One of the things I was hoping for, however, was for a less hackish way
    for scripts bundled with a package to access the package modules.

    That is, suppose I have directory ``mypackage`` with subdirectory
    ``scripts``.
    What is the pretty way for the scripts to access ``mypackage`` without
    assuming ``mypackage`` is in ``sys.path``?

    Thanks,
    Alan Isaac
    Alan Isaac, Apr 30, 2007
    #5
  6. Alan Isaac <> wrote:

    > "Alex Martelli" <> wrote in message
    > news:1hxcdkq.47p2r6beuctcN%...
    > > To me, it makes sense: if a module is top-level, and thus not part of a
    > > package (and __main__ in particular is always in that state), then
    > > saying "import from the current package" has no well defined meaning,
    > > because there IS no "current package".

    >
    > Thanks for the explanations.
    > I do not have an opinion because I have not really thought this through.
    >
    > One of the things I was hoping for, however, was for a less hackish way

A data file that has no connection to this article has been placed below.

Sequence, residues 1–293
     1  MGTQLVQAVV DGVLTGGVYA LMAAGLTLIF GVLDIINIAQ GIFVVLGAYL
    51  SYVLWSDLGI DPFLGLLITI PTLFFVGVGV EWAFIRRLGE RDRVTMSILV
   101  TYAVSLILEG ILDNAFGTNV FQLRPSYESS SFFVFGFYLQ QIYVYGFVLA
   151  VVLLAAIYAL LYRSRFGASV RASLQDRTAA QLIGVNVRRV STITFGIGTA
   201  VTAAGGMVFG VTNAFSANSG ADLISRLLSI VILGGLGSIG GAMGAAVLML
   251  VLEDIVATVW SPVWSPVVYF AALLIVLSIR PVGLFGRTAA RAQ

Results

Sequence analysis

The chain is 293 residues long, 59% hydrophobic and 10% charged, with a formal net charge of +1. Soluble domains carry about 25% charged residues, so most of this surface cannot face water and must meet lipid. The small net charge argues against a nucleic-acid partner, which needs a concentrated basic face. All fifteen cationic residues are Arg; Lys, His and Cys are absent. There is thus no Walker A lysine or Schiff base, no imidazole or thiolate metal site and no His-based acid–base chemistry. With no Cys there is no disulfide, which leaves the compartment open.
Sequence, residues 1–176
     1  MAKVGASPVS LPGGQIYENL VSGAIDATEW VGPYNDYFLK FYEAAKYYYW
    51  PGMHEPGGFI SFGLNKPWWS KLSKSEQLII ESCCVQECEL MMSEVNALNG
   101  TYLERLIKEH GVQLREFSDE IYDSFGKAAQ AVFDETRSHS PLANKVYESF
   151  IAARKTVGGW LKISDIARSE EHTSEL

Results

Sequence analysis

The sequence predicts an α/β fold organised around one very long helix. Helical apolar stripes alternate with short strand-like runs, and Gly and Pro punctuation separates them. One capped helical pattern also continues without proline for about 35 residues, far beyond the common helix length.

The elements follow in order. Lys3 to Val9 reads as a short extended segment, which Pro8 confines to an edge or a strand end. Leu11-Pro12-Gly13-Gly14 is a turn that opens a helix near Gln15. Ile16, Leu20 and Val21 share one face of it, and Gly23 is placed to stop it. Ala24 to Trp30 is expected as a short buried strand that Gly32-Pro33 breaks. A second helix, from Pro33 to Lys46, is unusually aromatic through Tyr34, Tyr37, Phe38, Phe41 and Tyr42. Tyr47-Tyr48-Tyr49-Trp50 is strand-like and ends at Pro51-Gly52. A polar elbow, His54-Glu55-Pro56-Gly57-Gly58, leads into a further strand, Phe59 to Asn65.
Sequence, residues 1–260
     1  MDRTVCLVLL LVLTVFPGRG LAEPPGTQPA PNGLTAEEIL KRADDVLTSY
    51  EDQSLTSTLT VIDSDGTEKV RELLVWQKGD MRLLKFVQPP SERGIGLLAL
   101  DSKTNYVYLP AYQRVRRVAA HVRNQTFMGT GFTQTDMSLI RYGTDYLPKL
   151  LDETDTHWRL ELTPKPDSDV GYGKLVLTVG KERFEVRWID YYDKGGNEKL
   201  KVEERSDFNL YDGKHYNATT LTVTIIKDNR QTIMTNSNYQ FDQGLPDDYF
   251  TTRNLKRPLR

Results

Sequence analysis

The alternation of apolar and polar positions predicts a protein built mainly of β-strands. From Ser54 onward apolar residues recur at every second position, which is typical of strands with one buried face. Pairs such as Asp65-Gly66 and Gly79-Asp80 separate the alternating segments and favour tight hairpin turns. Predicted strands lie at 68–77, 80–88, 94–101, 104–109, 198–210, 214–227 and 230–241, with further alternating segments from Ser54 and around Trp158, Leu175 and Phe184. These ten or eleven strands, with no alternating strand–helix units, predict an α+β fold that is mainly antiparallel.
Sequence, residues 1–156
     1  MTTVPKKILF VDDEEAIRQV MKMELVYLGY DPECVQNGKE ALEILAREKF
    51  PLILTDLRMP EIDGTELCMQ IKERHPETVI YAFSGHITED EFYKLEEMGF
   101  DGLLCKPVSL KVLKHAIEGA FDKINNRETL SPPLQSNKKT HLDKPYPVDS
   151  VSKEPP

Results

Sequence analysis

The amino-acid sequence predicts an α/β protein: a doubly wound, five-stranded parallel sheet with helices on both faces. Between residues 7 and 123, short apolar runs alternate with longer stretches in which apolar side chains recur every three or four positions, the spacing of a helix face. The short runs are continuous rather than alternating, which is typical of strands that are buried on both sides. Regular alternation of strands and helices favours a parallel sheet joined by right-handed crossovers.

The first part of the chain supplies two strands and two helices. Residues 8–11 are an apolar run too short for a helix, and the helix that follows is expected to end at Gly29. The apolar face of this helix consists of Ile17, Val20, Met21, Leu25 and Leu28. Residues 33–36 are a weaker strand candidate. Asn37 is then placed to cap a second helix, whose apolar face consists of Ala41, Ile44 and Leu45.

> for scripts bundled with a package to access the package modules.
    >
    > That is, suppose I have directory ``mypackage`` with subdirectory
    > ``scripts``.
    > What is the pretty way for the scripts to access ``mypackage`` without
    > assuming ``mypackage`` is in ``sys.path``?


    I don't know of any "pretty" way -- I'd do it by path manipulation
    (finding mypackage from os.path.abspath(__file__) and inserting its
    _parent_ directory in sys.path).


    Alex
    Alex Martelli, May 1, 2007
    #6
  7. Alan Isaac

    Alan Isaac Guest

    "Alex Martelli" <> wrote in message
    news:1hxeg2v.1ct59rv3oyq87N%...
    > I don't know of any "pretty" way -- I'd do it by path manipulation
    > (finding mypackage from os.path.abspath(__file__) and inserting its
    > _parent_ directory in sys.path).



    Yes, that seems to be the standard solution.